Filtration Pads

CamG369

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I have an easy crystal filter box 600 from tetra that came with my tank. The care instructions aay the pad should he taken out and changed every four weeks and that bacteria grows on something else inside the filter called a biological grid

I know that a lot of people say not to change roads as this is where a lot of bacteria lives but on asking tetra themselves they said it wouldn't make much difference as most bacteria is in the water/surfaces/gravel

Any thoughts?
 

seangee

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Tetra aren't going to make any money if you don't replace them.
The pads contain carbon which gets exhausted after 4-6 weeks, but there is no need for carbon if a fish tank.

You can cut a small slit in the pad and remove the carbon, then just rinse the pad every time you do a water change and don't replace it until it falls apart. Otherwise cut a piece of filter sponge to the same shape and size and use that. There doesn't seem to be any other media in the filter. Bacteria does not live in the water, but does live on surfaces. Their marketing makes a big deal of the so called bio-grid, but they don't provide any information on what it is so I'm thinking its a marketing term.

Unfortunately we do get a lot of posts on this site where people have fish health problems soon after changing cartridges so I cannot recommend this as part of your regular routine.
 
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CamG369

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Yeah I read a lot about not changing it and thought it strange that tetra were recommending it. Just wanted to make sure
 
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CamG369

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Tetra aren't going to make any money if you don't replace them.
The pads contain carbon which gets exhausted after 4-6 weeks, but there is no need for carbon if a fish tank.

You can cut a small slit in the pad and remove the carbon, then just rinse the pad every time you do a water change and don't replace it until it falls apart. Otherwise cut a piece of filter sponge to the same shape and size and use that. There doesn't seem to be any other media in the filter. Bacteria does not live in the water, but does live on surfaces. Their marketing makes a big deal of the so called bio-grid, but they don't provide any information on what it is so I'm thinking its a marketing term.

Unfortunately we do get a lot of posts on this site where people have fish health problems soon after changing cartridges so I cannot recommend this as part of your regular routine.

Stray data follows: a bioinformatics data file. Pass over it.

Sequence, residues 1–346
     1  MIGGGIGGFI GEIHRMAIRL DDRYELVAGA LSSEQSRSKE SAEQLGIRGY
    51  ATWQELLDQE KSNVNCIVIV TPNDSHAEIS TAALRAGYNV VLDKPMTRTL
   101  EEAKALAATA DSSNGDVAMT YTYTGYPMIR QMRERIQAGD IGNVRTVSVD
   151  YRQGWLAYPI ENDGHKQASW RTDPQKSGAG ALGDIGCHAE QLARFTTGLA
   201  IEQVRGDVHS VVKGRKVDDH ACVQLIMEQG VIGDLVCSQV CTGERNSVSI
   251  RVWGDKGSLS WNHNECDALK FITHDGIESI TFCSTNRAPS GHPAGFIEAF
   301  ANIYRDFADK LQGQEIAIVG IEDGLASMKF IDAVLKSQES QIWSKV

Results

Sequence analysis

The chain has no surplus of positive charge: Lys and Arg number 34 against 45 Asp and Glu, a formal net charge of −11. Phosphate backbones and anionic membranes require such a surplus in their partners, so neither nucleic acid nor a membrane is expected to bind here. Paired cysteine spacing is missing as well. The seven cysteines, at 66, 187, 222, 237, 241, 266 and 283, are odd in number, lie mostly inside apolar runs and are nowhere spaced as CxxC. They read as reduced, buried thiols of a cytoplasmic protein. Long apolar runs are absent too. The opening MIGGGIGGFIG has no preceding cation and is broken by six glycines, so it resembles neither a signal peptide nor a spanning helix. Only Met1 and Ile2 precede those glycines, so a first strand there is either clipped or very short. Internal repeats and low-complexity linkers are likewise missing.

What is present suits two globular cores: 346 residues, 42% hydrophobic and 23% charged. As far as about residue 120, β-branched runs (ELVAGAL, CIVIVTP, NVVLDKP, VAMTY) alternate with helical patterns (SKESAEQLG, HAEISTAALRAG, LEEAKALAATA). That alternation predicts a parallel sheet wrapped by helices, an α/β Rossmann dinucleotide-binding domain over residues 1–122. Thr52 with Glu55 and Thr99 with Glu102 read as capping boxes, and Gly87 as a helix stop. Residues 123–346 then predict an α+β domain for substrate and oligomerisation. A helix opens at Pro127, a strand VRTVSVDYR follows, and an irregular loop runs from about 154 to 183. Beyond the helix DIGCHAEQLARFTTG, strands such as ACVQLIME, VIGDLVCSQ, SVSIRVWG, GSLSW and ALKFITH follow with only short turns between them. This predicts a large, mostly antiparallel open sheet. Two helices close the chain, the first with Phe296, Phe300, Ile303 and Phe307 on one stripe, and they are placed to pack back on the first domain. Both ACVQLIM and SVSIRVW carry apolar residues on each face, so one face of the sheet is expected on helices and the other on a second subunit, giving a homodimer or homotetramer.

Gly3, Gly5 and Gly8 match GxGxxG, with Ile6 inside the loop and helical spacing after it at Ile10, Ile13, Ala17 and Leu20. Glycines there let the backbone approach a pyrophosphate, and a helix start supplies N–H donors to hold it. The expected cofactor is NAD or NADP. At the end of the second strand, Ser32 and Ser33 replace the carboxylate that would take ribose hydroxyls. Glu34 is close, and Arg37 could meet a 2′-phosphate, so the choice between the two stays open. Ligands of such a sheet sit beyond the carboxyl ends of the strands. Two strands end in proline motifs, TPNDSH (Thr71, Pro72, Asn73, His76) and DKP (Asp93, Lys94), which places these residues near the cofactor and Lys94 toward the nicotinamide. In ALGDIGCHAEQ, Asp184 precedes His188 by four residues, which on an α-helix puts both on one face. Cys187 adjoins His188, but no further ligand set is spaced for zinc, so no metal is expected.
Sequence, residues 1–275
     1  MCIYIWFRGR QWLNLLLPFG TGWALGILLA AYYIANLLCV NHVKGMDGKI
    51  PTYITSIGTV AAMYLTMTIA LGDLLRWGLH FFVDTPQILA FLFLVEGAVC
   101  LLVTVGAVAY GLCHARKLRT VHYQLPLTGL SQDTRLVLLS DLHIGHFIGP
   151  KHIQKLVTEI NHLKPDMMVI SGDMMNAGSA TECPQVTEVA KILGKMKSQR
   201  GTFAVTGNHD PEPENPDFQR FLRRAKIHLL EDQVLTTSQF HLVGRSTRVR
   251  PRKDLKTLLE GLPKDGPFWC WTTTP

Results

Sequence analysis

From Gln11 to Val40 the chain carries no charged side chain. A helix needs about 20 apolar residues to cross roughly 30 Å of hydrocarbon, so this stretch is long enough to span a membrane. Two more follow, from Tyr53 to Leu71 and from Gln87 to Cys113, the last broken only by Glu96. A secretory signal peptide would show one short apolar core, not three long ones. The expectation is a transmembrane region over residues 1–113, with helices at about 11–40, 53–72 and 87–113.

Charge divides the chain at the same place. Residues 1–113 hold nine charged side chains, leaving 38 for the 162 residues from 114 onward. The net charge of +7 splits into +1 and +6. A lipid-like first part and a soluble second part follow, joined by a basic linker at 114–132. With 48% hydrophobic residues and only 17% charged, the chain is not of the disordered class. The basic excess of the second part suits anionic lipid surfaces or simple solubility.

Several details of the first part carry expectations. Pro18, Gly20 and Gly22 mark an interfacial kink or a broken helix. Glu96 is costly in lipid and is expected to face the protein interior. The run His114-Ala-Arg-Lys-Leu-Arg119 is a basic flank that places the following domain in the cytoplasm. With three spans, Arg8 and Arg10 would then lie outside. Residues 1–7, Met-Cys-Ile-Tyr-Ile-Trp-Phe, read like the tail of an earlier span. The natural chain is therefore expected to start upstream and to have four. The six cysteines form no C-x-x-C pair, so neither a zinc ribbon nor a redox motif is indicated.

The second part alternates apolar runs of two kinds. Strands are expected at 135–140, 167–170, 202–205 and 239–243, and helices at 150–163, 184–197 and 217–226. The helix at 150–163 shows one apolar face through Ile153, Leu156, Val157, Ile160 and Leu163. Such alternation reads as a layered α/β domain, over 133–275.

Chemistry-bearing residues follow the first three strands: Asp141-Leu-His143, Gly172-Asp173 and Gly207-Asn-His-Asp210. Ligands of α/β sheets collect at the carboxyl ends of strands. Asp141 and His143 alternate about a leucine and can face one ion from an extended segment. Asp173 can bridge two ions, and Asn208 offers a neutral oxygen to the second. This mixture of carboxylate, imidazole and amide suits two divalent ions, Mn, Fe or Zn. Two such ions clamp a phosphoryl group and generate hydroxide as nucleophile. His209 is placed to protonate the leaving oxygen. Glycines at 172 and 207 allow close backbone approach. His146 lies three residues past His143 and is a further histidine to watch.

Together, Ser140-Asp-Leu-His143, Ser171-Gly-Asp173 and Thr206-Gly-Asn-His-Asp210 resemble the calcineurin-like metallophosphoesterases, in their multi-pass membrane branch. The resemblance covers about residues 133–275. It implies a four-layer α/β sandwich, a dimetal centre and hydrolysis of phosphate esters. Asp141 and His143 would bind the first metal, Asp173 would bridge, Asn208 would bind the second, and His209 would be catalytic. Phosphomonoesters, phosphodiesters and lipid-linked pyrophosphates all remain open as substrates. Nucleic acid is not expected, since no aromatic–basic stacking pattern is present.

If it has no purpose why is it in it? Also what benefit would removing it give?
 

seangee

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If it has no purpose why is it in it? Also what benefit would removing it give?
Carbon is a very effective filter agent. It adsorbs (not absorbs) any impurities in the water. After 4-6 weeks the carbon is exhausted. When this happens it starts releasing the bad stuff back into the water and you end up with a higher concentration. (Somebody can probably explain the science better than I can). In summary if you use carbon you have to replace it or it will eventually poison your water. If the pads contain the carbon as well as sponge and floss you end up throwing out a lot of good bacteria and potentially causing "new tank syndrome"

Removing the carbon means you can keep using the rest of the pad.
 

Jan Cavalieri

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I have a similar one of their filters that came with two of my tanks. The biofilter seems to be the blue (in my case) piece of plastic that you're told not to remove but to change the other filter monthly. My instructions also say that bacteria is on the substrate (which is true but this was a very new tank). I took one of the used sponge filters from another brand of filter and cut it in half down the middle (I didn't have a lot of space to work with) and figured all my tanks would "share" bacteria. I couldn't see how it could hurt. My other filter has the regular biobeads, a carbon filter and a large sponge filter. I have replaced the carbon filter a couple times (it shines the water LOL) but now I just rinse out my sponge filter and reuse it until it falls apart but I have NOT changed my spare set of biobeads. Should I see a need to, then I just won't rinse the sponge filter for a while just to make sure all the good stuff is saved. Now in a situation where you have an illness in the tank - chuck the charcoal filter or it will absorb all medication and in my case I might even be tempted to toss my sponge filter as well but not the biofilter at the same time.